[CQ-Contest] SO2R technical questions

Jeff Blaine jeff at ac0c.com
Tue Jan 20 23:41:11 EST 2015

Putting some sort of front end protection on the rig when working out the 
coupling and isolation issues is a great idea.  I've never fried anything in 
the last 6 years of So2r fooling about.

However, it can happen.  A couple of weeks back I literally got my wires 
crossed when running a test on a rig and ended up dumping 100W into my main 
station rig.  Fortunately replacing the ailing board was not difficult but 
it was expensive.

Assuming your rig has facilities for a RX antenna, something like this is 
really cheap insurance...



-----Original Message----- 
From: Jeff Blaine
Sent: Tuesday, January 20, 2015 7:07 PM
To: Mike & Coreen Smith VE9AA ; cq-contest at contesting.com
Subject: Re: [CQ-Contest] SO2R technical questions


I want to caution you on one point.  From a receiver frying standpoint, the
use of the amp is not at all the threat magnifier that you would think it
is.  It's very easy to fry rigs with "only 100W."  100->1500 is around 13
dB.  So 100W is around 50 dBm, and 1500W is around 63 dBm.  To put that in
perspective, a good rule of thumb is that you don't want the 2nd rig to ever
see anything over 0 dBm.  By point is not to diminish the 13 db, but rather
to illustrate that even with 100W, getting to "safe" is not a trivial

Get VJN's book and focus on the isolation.  The shack side gear for
switching, etc, will be steered more by the mode you run and how much of an
automatic life you want.  Those are all convenience things - isolation is
about first keeping the 2nd rig from getting blasted away by the first, and
secondly, about suppressing the harmonic and desense caused by one rig to
the other - so that you can actually do some work on the 2nd rig when the
first is transmitting.

Good luck!


-----Original Message----- 
From: Mike & Coreen Smith VE9AA
Sent: Tuesday, January 20, 2015 5:52 PM
To: cq-contest at contesting.com
Subject: Re: [CQ-Contest] SO2R technical questions

Just occurred to me that I had both preamps engaged in radio 2 which is an
IC746.  It's S-meter seems overly generous anyways.  Looks like 2nd and 3rd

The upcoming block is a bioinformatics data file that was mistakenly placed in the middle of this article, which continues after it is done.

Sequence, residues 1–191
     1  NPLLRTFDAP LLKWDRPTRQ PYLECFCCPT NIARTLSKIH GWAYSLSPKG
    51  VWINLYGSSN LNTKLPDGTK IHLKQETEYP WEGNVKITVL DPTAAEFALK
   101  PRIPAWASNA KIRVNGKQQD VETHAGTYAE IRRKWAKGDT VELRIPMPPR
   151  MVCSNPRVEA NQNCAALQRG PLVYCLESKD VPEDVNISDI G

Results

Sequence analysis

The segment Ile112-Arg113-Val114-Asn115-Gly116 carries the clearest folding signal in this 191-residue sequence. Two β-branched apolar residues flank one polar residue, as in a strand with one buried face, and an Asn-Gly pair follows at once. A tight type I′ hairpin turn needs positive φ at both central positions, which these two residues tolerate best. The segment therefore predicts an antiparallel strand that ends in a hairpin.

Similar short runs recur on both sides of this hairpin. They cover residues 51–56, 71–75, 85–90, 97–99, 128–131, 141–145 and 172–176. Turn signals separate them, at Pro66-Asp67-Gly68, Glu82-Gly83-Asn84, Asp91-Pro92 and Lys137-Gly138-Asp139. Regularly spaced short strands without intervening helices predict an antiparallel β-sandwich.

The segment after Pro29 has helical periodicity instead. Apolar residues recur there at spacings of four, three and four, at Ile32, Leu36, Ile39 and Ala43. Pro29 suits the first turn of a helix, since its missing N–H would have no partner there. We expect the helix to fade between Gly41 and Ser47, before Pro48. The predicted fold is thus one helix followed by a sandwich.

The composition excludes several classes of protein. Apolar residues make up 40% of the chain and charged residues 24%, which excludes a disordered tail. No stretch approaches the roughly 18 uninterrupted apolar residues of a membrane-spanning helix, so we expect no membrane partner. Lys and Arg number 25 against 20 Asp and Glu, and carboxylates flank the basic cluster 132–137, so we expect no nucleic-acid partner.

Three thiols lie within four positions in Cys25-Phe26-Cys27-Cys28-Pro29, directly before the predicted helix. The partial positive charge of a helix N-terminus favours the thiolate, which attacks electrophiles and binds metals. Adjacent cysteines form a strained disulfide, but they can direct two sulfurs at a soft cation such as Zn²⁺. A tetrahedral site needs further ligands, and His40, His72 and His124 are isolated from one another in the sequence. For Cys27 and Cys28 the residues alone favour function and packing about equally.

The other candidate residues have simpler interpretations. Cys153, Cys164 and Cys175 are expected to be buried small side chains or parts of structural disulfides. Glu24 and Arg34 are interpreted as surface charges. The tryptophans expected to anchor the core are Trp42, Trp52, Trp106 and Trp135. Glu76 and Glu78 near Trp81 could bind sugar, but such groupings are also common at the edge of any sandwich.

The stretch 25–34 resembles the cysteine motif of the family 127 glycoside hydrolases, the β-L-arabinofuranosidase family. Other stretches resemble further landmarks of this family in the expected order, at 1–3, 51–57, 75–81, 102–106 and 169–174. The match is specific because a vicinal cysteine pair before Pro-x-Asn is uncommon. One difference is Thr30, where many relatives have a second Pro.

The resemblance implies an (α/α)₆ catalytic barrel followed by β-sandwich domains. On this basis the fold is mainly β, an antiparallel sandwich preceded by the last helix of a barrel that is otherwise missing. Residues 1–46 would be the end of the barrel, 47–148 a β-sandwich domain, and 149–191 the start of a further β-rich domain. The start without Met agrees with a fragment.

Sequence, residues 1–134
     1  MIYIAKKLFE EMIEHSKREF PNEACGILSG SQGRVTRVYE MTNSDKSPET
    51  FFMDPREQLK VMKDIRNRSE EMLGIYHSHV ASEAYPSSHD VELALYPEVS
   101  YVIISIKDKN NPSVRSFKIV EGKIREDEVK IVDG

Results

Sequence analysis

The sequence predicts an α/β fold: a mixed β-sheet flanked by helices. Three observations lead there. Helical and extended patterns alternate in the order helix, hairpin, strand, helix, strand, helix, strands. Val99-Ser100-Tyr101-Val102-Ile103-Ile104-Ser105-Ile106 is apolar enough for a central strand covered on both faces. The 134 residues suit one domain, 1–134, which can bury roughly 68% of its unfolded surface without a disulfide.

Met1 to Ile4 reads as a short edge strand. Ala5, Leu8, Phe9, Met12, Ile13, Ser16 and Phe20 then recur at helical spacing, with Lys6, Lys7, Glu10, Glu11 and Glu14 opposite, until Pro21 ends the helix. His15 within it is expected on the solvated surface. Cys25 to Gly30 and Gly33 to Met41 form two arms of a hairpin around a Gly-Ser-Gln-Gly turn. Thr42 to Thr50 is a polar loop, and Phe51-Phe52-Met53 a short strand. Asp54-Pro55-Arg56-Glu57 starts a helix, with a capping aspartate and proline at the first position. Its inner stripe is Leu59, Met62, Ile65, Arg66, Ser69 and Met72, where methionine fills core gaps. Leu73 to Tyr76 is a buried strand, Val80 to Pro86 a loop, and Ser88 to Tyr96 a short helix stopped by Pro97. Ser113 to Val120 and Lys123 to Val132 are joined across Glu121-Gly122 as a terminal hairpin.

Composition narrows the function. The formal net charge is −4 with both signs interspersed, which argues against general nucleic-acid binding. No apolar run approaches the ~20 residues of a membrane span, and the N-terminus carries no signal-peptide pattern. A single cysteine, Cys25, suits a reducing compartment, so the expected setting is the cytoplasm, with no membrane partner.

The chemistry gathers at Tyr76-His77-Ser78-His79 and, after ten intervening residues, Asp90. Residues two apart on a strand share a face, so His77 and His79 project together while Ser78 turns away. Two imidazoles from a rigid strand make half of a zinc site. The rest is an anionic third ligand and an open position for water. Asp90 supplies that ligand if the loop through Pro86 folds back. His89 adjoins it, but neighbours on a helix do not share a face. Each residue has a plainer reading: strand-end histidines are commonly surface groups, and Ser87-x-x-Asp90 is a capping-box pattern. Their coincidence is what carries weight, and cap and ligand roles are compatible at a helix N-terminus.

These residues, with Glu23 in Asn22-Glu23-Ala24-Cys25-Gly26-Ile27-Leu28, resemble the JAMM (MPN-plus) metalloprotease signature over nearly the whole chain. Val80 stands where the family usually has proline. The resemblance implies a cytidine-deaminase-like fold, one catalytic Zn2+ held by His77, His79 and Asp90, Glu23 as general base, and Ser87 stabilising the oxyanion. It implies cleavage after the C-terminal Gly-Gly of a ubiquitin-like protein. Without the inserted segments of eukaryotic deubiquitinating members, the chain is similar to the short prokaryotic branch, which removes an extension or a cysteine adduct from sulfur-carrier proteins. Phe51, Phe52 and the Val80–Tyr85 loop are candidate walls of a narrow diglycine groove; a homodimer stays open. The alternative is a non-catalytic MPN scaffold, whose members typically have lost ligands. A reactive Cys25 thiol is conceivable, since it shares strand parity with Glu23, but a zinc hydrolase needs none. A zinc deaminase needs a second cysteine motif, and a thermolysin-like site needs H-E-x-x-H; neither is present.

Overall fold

harmonics are more like S9+10dB with no preamps on. (only time I would need
them would be maybe on a quiet 10m band to pull out super weak signals).the
initial "spike" is higher, which I think is a function of the Icom digital S
meters which I really don't like.

So, at constant S9+10dB readings (initial spike higher).solid dashes @ 30wpm
CW.am I safe?

Is there a better way to measure?  FM mode?  Readings with a scope of some
kind or ?


Mike VE9AA

Mike, Coreen & Corey

Keswick Ridge, NB

From: Mike & Coreen Smith VE9AA [mailto:ve9aa at nbnet.nb.ca]
Sent: January 20, 2015 5:40 PM
To: 'cq-contest at contesting.com'
Subject: SO2R technical questions

How can I tell if I have too much energy at the input of "radio 2" when
transmitting on "radio 1" ?

I've done a few DXpeditions  and field days (CY0AA, CY9AA etc.) and we had
some cheapie bandpass filters and some rapidly made crappy coax stubs
(without using any kind of device other than a calculator and a measuring
tape to verify the correct lengths).

At times we  operated w/o one or both (both LP and QRO) and sure, we had
interference, but nobody blew up a rig.

Now nearly 2 decades later I am just barely dipping my toe into the SO2R
waters so with N1MM+'s help, today hooked up my Winkey to 2 rigs (IC7410 &
746) and when transmitting on a wide variety of antennas on radio one
(HF9V, A3S, Inverted L's for 80/160), and limiting radio 2 to only a ZS6BKW
as an inverted Vee (G5RV like) antenna about 50-60' away from all the
various antennas, harmonics were fair to bad, but not what I would call
severe. (no stubs, no BPF's, nuttin' but air).

CW peaks looked like around *50-60/S9 and steady dits were *40/9 if those
cheezie Icom bar-graph S-meters are to be believed. *(if I was on the exact
2nd or 3rd harmonic frequency)

Is this too much signal?

I can build some coax stubs over time...and I am working on a YCCC SO2R box
as time permits but don't have a lot of spare dough for BPF's (2 of them
would run me $1200-$1400 CDN by the time I had them in the shack)

nor a SIX-PAK(another $1k_), thus I am wondering about cutting costs going
in.  Another local tried SO2R, didn't like it and had spent many thousands.
I don't have the spare dosh, nor will I, hence my question..

If I am willing to leave the amp turned off (sigh..), and antennas will all
be separated only 50', how do I know if I have too much signal at the input
of the 'other' radio?

Oh and feel free to school me on SO2R...I have nearly googled the internet
dry, so have done lots of reading, so if you have a web page up, I've likely
seen it ;-)  Just never tried it.

Technique is what I lack.

I figured it was time.  I find myself (especially in CW contests) calling CQ
and ALT-TABBING over to check my email, surf the net, watch the greyline
maps, stare out the window , talking to family etc. a LOT in contests.

Is SO2R the next step?

Mike VE9AA

p.s.- I will sorely miss using the amp, but if I try SO2R @ 100w and like
it, maybe I can stumble onto some cheap 419 BPF's and a 6-pack somewhere
later on.  I don't care a hoot about automation.  I like to flick the
switches manually.

Mike, Coreen & Corey

Keswick Ridge, NB

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